2. Managing exposure in AK's investment portfolio: Examples.

Of course, anyone is welcome to read them too. No bias here. I nice or not?

Find out who invited me to give a talk and also read the review: here.

How to earn 6.30% interest after 4 years?

Monday, August 25, 2014

Someone tried to interest me in this not too long ago:

I have forgotten about it until I saw an email advertisement recently.

Any interest in this "interest"? Well, I blogged about why it did not interest me before and if you are interested, please read related post number 1 at the end of this blog post.

What I find objectionable about this advertisement is the use of the word "interest". What do we think of when a bank promises us a certain interest rate? What do we understand by the word "interest"?

Definition of "interest":
Money paid regularly at a particular rate for the use of money lent, or for delaying the repayment of a debt.

When a bank promises an interest rate of 6.3% after 4 years to us, most people would interpret it as a fixed deposit with a total of 6.3% in interest paid after 4 years (or about 1.575% per annum). If we asked any reasonable person, that would be the view. Then, if the product is not what any reasonable person think it is, we have a problem, don't we?

Read the small print:
"Because the Structured Deposit is structured with the objective of returning your initial investment amount only at maturity, repayment of your initial investment amount does not apply if you terminate the structured product prior to maturity. You may potentially lose the principal sum invested if the investment is not held to maturity. There is no unconditional guarantee of repayment as repayment is subject to the creditworthiness of the (bank) i.e. if (bank) defaults, you may lose your initial investment amount."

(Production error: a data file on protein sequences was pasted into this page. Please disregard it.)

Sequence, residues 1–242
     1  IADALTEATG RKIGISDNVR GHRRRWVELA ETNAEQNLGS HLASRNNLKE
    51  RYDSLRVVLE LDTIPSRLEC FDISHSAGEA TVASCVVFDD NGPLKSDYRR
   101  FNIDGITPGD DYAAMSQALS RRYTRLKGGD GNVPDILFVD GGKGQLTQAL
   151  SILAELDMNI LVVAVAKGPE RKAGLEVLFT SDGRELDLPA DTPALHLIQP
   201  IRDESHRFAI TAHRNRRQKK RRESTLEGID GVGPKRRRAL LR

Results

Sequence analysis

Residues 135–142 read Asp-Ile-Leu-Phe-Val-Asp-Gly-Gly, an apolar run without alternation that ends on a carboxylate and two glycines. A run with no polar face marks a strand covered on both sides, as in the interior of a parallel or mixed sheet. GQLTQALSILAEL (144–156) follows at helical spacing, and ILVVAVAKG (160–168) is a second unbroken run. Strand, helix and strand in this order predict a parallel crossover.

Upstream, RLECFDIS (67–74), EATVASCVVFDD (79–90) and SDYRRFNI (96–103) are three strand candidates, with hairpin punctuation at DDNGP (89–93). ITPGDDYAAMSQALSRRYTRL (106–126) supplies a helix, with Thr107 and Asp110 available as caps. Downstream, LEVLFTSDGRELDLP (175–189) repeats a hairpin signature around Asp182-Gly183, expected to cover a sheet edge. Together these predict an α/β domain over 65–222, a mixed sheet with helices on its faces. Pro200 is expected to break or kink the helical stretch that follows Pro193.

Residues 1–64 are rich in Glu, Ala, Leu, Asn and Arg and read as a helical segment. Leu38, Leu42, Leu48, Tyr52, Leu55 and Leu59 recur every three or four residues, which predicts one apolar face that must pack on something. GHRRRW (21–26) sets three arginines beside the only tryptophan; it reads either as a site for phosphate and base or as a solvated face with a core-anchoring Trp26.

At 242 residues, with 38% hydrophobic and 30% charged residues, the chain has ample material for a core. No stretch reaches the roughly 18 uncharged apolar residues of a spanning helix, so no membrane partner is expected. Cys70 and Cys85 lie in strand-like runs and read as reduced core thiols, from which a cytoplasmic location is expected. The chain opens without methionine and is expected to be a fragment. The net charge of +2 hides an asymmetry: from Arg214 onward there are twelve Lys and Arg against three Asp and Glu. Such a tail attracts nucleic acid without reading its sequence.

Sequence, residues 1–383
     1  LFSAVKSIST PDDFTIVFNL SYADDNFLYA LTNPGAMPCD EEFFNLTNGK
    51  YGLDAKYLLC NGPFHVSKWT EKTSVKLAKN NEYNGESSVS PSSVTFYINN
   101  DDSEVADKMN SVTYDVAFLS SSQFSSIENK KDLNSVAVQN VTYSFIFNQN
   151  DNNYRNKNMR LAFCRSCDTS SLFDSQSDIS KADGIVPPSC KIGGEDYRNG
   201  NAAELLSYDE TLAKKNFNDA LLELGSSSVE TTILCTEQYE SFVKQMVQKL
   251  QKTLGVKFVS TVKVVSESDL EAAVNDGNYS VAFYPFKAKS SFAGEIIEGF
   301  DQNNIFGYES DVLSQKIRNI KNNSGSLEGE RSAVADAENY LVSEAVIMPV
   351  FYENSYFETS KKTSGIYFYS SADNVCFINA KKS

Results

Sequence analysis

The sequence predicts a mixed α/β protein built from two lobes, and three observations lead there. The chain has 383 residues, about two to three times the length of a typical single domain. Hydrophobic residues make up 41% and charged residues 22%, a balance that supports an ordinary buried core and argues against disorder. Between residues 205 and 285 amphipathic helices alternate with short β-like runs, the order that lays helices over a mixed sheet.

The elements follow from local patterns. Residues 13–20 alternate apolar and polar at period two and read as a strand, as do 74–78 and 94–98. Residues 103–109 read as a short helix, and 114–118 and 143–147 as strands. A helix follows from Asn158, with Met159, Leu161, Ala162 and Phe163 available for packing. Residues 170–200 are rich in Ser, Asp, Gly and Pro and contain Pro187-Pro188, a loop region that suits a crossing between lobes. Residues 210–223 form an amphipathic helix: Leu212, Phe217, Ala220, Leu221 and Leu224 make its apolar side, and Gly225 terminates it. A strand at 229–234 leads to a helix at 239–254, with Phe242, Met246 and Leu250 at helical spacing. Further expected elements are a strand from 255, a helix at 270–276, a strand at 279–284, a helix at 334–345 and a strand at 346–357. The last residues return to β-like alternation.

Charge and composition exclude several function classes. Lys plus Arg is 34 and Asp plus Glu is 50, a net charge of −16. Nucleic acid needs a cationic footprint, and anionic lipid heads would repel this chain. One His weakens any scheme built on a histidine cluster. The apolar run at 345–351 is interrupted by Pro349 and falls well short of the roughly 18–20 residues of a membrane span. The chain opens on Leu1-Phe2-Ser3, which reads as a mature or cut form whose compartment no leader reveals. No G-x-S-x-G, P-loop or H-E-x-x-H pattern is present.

This is a structured deposit, not a fixed deposit. It is an investment product and not a savings product. It is very different from what any reasonable person would have thought it was looking at the advertisement.

And the disclaimer:
"You must seek your own independent advice from a licensed or an exempt financial adviser regarding the appropriateness of investing in this product, before making a commitment to purchase this product. In the event that you choose not to seek your own independent advice from a licensed or an exempt financial adviser, you should carefully consider whether the product is suitable for you. (bank) has no fiduciary duty towards you, nor does it assume any responsibility to advise on, or make any representation as to the appropriateness, suitability or possible consequences of investing in this product."

The person who served me was quite pushy and I had to give her a piece of my mind. I was there to start a 15 months fixed deposit which promised to pay an interest of 1.25% per annum.

Now, this is not the point of this blog post but, theoretically, over 4 years, if I could get paid 5% in interest by putting my funds in a fixed deposit that pays 1.25% per annum, why would I bother taking on greater risk for another paltry 1.3% "interest"?

I don't like it when advertisements are worded in ways which could mislead and this advertisement ranks highly on the AK Dislike Scale.

Related posts:
1. Why fixed deposits over structured deposits?
2. Nobody cares more about our money than we do.